Sampling from Nonnormal Population: If sample sizes n1 and n2 are large, we may construct the confidence interval the same way as we do incase of normal population in accordance with the Central Limit Theorem.Example: Motivated by an awareness of the existence of a body of controversial literature suggesting that stress, anxiety, and depression are harmful to the immune system, Gorman et al. (A-5) conducted a study in which the subjects were homosexual men and some of whom were HIV positive and some of whom were HIV negative. Data were collected on a wide variety of medical, immunological, psychiatric, and neurological measures, one of which was the number of CD4+ cells in the blood. The mean number of CD4+ cells for the 112 men with HIV infection was 401.8 with a standard deviation of 226.4. For the 75 men without HIV infection the mean and standard deviation were 828.2 and 274.9, respectively. We wish to construct a 99% confidence interval for the difference between population means.
Solution: Here we are using z statistic as the reliability factor in the construction of our confidence interval. Since the population standard deviation are not given, we will use the sample standard deviations to estimate them. The point estimate for the difference between population means is the difference between sample means, 882.2-401.8=426.4. In Table D, we find the reliability factor to be 2.58. The estimated standard error is 2 2 274.9 226.4 sx − x = + = 38.279 75 112 1 2
Our 99% confidence interval for the difference between population means is 426.4 ± 2.58(38.279) 327.6,525.2We are 99% confident that the mean number of CD4+ cells in HIV +ve males differs from the mean for HIV –ve males by some where between 327.6 and 525.2.
Confidence interval using ‘t’ distribution: Say the variances of the two sampled population are not known. The two sampled population are normally distributed. The difference between the two population means can be estimated through confidence interval using ‘t’ distribution as the source of reliability factor.Situation-I-Equal population variances: The 100(1-α)% confidence interval for µ1- µ2 is given by 2 2 s s ( x 1 − x 2) ± t (1 − α / 2 ) p + p n1 n2If the two sample sizes are unequal , the weighted average takes advantages of the additional information provided by the larger sample. The pooled estimate is given by
( n1 −1) s + ( n 2 −1) s 2 2 s 2 p = 1 2 n1 + n 2 − 2The standard error of the estimate , then, is given by 2 2 s s Sx 1 − x2 = p + p n1 n2The ‘t’ follows a Student’s t distribution with n1+n2-2 d.f.Example: The purpose of a study by Stone et al.(A-6) was todetermine the effects of long-term exercise intervention oncorporate executives enrolled in a supervised fitness program.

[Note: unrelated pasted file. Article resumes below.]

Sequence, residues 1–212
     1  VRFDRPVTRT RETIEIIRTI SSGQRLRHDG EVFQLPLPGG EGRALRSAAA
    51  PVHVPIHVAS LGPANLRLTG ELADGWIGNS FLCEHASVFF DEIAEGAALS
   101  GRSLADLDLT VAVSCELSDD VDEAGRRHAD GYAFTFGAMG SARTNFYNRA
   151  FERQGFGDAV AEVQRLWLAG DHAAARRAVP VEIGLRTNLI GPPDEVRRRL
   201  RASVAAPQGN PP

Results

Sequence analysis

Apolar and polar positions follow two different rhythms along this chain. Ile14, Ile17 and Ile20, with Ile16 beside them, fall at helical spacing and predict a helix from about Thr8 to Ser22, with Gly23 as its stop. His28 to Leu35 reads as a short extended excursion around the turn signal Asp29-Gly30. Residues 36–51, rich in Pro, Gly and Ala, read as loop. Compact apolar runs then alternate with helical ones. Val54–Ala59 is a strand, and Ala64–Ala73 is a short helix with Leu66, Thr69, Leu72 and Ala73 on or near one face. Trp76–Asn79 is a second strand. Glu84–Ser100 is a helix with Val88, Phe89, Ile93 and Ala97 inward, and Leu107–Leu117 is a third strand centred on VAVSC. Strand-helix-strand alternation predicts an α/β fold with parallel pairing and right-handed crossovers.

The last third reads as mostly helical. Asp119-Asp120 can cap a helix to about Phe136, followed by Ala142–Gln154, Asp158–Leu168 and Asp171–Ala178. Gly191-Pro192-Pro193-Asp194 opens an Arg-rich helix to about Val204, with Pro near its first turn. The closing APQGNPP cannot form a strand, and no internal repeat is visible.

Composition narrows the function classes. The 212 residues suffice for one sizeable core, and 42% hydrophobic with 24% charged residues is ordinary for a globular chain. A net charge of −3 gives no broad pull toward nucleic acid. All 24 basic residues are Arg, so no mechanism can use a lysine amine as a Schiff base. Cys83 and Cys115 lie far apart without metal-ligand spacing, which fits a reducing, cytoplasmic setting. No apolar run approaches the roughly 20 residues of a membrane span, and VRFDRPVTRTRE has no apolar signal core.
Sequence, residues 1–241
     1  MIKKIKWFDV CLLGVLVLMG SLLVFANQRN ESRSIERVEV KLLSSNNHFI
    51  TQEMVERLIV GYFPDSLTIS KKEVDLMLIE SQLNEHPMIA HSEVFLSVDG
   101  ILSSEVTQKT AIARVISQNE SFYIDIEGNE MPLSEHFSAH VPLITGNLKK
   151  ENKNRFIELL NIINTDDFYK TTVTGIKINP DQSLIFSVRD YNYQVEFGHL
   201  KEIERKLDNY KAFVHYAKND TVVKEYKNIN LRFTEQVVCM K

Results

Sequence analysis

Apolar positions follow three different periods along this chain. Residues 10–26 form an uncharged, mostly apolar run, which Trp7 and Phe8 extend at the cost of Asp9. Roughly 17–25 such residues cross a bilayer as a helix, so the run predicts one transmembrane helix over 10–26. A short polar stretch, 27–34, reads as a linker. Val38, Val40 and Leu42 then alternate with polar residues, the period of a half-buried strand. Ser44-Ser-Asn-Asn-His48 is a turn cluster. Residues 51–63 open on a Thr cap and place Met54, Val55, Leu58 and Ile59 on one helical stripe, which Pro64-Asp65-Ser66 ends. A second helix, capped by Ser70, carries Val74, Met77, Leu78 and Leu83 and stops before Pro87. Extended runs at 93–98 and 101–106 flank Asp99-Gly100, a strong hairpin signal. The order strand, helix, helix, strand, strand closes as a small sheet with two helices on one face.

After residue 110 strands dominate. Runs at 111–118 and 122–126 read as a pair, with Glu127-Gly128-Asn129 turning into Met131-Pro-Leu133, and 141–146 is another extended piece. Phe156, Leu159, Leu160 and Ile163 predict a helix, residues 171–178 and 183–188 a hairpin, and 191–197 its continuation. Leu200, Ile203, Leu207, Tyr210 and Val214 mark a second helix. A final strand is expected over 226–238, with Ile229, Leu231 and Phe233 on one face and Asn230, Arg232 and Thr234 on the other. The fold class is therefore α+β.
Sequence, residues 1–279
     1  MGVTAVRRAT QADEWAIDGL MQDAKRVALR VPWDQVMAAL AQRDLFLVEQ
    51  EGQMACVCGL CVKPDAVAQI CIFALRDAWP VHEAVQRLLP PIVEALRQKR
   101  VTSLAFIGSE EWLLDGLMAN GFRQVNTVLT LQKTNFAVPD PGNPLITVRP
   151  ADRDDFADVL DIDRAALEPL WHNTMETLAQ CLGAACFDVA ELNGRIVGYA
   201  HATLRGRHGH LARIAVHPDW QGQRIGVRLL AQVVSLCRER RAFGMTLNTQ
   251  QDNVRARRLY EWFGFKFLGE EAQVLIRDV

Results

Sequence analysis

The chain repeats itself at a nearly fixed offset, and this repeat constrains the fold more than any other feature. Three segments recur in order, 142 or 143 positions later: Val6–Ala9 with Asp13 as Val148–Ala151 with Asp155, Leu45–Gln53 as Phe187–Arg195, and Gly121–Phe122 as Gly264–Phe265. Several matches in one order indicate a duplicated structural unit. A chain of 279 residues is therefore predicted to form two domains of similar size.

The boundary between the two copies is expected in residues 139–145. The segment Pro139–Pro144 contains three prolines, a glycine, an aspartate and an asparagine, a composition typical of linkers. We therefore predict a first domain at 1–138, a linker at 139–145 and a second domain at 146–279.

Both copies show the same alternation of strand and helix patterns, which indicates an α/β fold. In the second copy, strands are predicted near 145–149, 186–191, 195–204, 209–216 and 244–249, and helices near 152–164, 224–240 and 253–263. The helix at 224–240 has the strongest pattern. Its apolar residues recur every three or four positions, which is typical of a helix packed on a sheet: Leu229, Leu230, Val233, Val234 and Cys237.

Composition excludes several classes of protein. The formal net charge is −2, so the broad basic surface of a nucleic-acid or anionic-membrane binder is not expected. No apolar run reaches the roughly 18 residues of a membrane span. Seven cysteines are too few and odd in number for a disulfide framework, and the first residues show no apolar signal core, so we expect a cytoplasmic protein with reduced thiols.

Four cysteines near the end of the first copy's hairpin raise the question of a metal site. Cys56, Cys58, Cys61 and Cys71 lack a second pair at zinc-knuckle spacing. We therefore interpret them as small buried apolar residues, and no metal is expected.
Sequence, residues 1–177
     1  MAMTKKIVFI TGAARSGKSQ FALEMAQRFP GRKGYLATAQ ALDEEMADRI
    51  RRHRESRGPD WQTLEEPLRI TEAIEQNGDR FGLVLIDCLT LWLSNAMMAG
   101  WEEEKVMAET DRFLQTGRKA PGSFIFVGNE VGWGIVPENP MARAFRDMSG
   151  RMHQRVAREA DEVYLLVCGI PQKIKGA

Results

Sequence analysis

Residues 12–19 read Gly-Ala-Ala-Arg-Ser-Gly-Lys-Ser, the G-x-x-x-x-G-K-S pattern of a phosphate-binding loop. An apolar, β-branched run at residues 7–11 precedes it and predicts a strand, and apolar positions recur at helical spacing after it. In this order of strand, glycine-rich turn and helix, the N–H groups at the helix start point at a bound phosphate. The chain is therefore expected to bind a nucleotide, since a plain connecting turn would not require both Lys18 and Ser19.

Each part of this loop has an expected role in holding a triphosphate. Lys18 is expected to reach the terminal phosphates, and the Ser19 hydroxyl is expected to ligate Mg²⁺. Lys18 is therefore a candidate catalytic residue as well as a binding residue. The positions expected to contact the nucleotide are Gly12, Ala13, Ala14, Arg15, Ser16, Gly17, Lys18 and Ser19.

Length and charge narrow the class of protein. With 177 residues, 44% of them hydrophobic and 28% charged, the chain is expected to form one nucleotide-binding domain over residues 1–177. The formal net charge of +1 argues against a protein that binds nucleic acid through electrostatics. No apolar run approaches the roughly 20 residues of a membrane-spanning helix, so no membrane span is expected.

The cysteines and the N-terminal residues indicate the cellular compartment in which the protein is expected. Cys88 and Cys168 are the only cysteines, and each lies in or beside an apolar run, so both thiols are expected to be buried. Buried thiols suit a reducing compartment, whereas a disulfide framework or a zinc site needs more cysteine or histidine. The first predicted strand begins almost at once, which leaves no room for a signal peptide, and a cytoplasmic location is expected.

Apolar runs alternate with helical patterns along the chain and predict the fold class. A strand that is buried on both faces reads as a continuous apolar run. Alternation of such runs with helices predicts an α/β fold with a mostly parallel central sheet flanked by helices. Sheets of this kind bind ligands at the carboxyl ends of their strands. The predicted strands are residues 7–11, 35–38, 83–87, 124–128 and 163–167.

Data were collected on 13 subjects (the exercise group) who voluntarily entered a supervised exercise program and remained active for an average of 13 years and 17 subjects (the secondary group) who elected not to join the fitness program. Among the data collected on the subjects was maximum number of sit-ups completed in 30 seconds. The exercise group had a mean and standard deviation for this variable of 21.0 and 4.9 respectively. The mean and standard deviation for the secondary group were 12.1 and 5.6 respectively. We assume that the two population of overall muscle condition measures are approximately normally distributed and that the two population variances are equal. We wish to construct a 95% confidence interval for the difference between the means of the populations represented by these two samples.Solution: The 95% confident that the difference between population means is somewhere between 4.9, 12.9 .
Situation-II-Unequal population variances: An approximate 100(1-α)% confidence interval for µ1- µ2 is given by 2 s1 s 2 2 x 1 − x 2 ± t ′(1 − α / 2 ) + n1 n2The solution proposed by Cochran consists of computing the reliability factor t ′ = w1t1 + w2 t 2 (1−α 2) w1 + w2Where w1=s12/n1, w2=s22/n2, t1=t1-α/2 for n1-1 degrees of freedom, and t2=t1- α/2 for n2-1 degrees of freedom.Example: in the study by Stone et al.(A-6)described in previous example , the investigator also reported the following information on a measure of overall muscle condition scores made by the subjects: